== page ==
Attend to Win!

  • Attend to Win!

    Attendance is an Equity Issue! Attend to Win!

    The bad news: 46% of Fargo Public School students miss too much school. One in four students is chronically absent, which harms their chances for success now and into their futures.

    The good news: when parents, students, and the school work to improve attendance, kids win!

    Students must be present and engaged to learn. Poor attendance is solvable!

    You may not be able to beat the odds, but you can change them. Students who attend school are more likely to learn, graduate, and succeed.

    Research says:

    • Patterns of absences often begin in kindergarten and first grade. Nationally, one in 10 kindergarten and first-grade students are chronically absent. 

    • Missing school in the early grades has a more powerful influence on literacy development for low-income students than it does for their more affluent peers. Put another way, school matters more to children from low-income families. 

    • Attendance problems in the K and first grade years set patterns for absenteeism in later grades. Students with the highest absenteeism typically score lower on state assessments. 

    • Indicators reflecting poor attendance, behavior issues, and course failure in sixth grade identify 60% of the students who will not graduate from high school. 

    • Attendance in the ninth grade - the transition year - was a key indicator of whether students would finish high school. 

    • Attendance and studying were more predictive of dropout than test scores or other student characteristics. 

    • 9th grade attendance was a better predictor of dropout than 8th grade test scores 

    Daily school attendance directly benefits students. Students who attend school daily beginning in kindergarten are more likely to:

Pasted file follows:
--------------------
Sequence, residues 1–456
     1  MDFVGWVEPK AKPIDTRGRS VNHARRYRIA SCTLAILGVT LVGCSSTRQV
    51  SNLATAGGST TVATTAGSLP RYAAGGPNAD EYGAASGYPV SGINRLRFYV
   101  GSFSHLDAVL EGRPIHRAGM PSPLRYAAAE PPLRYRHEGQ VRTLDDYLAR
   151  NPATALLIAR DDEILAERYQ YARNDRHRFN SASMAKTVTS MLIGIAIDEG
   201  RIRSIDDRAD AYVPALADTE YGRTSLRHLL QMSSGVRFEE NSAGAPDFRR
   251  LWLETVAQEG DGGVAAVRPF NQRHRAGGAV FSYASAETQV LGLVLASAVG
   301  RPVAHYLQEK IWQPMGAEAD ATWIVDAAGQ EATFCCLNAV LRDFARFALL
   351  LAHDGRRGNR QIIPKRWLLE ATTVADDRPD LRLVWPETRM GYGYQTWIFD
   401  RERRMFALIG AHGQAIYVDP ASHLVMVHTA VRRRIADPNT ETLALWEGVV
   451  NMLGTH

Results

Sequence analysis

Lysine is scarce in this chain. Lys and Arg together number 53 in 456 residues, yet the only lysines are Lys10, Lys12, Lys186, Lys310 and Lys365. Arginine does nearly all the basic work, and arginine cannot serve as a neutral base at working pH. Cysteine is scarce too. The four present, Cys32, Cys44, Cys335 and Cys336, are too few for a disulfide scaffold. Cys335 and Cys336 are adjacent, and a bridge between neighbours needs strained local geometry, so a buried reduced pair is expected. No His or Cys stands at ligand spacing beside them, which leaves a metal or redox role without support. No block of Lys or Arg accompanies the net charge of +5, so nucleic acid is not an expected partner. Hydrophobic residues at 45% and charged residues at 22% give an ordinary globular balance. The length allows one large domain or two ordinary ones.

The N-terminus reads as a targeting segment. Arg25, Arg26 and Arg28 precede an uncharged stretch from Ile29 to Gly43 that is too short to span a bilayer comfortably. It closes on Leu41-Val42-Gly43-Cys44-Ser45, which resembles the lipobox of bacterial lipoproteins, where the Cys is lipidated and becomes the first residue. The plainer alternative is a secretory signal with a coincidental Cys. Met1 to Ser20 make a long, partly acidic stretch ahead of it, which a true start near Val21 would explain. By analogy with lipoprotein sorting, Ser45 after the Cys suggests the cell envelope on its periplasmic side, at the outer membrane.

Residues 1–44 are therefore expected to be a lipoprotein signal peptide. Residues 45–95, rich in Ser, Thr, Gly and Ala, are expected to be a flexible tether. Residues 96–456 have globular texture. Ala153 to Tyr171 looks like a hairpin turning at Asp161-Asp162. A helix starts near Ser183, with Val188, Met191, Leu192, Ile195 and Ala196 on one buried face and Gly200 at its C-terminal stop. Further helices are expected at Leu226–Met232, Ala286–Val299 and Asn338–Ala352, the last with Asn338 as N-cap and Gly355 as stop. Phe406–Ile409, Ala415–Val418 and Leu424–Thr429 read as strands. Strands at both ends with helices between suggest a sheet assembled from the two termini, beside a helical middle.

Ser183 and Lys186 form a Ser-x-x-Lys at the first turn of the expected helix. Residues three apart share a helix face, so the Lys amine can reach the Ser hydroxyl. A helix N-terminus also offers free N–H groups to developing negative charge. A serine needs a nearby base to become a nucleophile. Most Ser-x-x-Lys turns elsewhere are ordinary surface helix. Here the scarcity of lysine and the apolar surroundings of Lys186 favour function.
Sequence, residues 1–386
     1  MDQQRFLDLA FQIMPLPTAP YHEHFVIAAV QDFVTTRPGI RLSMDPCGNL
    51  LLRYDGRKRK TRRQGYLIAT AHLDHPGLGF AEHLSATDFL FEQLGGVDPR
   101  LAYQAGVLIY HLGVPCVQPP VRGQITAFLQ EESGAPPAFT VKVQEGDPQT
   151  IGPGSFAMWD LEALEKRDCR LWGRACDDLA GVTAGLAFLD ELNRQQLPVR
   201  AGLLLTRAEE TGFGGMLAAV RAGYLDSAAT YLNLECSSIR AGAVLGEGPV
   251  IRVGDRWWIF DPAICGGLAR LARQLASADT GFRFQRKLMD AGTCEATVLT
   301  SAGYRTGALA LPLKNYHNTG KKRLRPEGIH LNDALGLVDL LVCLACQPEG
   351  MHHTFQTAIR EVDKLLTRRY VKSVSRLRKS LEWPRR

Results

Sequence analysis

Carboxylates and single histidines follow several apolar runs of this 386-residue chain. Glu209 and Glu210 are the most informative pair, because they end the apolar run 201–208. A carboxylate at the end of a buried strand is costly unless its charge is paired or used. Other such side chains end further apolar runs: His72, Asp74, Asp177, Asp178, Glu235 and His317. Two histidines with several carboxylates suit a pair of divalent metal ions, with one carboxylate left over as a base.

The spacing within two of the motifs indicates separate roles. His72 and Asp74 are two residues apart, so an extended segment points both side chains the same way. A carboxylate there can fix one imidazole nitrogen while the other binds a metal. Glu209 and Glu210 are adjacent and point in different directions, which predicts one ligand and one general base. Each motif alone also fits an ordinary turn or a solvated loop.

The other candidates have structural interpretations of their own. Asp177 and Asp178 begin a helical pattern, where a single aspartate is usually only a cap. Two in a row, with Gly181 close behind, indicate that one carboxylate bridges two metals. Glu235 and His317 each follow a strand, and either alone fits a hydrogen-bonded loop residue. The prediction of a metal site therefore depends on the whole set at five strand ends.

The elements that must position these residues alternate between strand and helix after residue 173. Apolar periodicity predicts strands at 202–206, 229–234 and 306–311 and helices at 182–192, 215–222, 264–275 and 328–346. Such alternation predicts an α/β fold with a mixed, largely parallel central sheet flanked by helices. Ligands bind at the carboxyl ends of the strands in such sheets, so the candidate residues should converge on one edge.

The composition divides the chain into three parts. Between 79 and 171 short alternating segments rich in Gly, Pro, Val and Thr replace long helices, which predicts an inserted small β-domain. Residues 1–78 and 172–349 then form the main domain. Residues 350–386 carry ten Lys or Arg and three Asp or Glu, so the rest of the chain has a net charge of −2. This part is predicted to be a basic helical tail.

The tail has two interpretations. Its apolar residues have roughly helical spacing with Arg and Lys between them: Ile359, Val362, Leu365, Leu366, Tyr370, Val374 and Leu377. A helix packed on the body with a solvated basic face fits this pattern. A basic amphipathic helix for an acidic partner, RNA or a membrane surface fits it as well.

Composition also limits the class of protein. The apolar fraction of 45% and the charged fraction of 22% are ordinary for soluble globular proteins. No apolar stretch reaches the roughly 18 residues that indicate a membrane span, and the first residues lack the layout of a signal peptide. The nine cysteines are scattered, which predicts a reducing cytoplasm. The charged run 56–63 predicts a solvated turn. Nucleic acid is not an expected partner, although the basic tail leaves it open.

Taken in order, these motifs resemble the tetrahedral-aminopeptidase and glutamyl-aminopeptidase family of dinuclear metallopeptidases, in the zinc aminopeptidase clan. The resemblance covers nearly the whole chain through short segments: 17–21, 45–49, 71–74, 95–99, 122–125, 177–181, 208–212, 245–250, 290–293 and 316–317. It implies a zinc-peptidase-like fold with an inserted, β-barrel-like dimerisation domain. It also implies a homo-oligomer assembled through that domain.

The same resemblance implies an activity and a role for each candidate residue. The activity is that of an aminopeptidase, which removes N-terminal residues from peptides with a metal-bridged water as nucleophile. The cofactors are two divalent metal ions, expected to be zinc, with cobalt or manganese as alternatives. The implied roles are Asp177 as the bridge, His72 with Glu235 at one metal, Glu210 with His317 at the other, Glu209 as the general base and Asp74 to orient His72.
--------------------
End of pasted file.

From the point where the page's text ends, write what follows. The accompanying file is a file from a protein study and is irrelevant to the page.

• Learn

    • Graduate

    • Be workforce, post-secondary, military ready and have better employment opportunities

    • Stay out of the juvenile justice system

    • Develop skills in communication, collaboration, critical thinking, creativity, and citizenship (social-emotional learning)

    • Build skills to navigate life setbacks and social dilemmas

    • Represent themselves and their views in the school

    • Complete plans for post-secondary education

    • Prepare for jobs that don’t exist

    • Break the poverty cycle

    • Feel connected to their local and larger community learn to be responsible, respectful, and to develop a growth mindset 

    Together, we can tackle and improve attendance!


    • Be respectful: be on time, daily, in scheduled classes

    • Be responsible, which includes:

      • Being prepared with materials needed for learning

      • Connecting with teachers to make up missing school work

      • Developing and maintaining healthy routines for sleep, nutrition, and getting to school


    • Commit to getting your student (s) to school on time:

      • Teach good evening and morning routines to make school an expectation

      • Plan for transportation, if school transportation is not used

    • Notify the attendance line when your student is absent (telephone, text, email, written note). The attendance line accepts calls 24 hours per day.

    • Answer or return telephone calls from the school

    • Keep your contact information updated if telephone numbers, email address or physical address change

    • Stay abreast of your student’s absences. Absence can be monitored in PowerSchool. 

    • Invite school staff to help solve attendance problems or struggles

    • Support your students; advocate with teachers for make-up work


    • Take accurate daily attendance as soon as practicable after the class bell

    • Create an engaging and welcoming classroom environment where the importance of school is communicated

    • Monitor attendance data as required and communicate regarding chronic absence with:

      • Parents & caregivers 

      • Administrators & counselors 

    • Connect with the student regarding make up work


    • Communicate the importance of school attendance to students and families

    • Build respectful relationships with students and parents

    • Conference with students and parent/caregivers when student attendance patterns are: at-risk, chronically absent, or severely chronically absent

    • Work with students and families to determine barriers impacting attendance and connect families, as needed, with attendance supports, including but not limited to school counselors, Student Wellness Family Facilitators, and community resources

    • Monitor building attendance and celebrate success with the student body, individual students/caregivers and staff

    • Ensure the school district holds itself accountable for on-time district-provided transportation

Contact Us

  • For more information on the importance of attendance or for help with student attendance, contact the attendance team:

    Dr. Tamara Uselman, director of equity and inclusion or 701-446-1072

    Gabriel Whitney, attendance specialist or 701-446-1013

    Nick Hawkins, attendance specialist or 701-446-1015